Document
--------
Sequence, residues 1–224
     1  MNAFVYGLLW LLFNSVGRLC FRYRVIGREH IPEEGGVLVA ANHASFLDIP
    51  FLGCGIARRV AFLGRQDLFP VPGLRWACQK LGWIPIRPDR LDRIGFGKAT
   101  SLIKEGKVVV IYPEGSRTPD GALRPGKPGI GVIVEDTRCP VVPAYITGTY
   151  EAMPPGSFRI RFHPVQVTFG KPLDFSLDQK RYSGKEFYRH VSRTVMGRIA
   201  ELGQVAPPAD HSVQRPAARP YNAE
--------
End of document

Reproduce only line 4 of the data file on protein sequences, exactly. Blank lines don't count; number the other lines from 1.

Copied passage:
   101  SLIKEGKVVV IYPEGSRTPD GALRPGKPGI GVIVEDTRCP VVPAYITGTY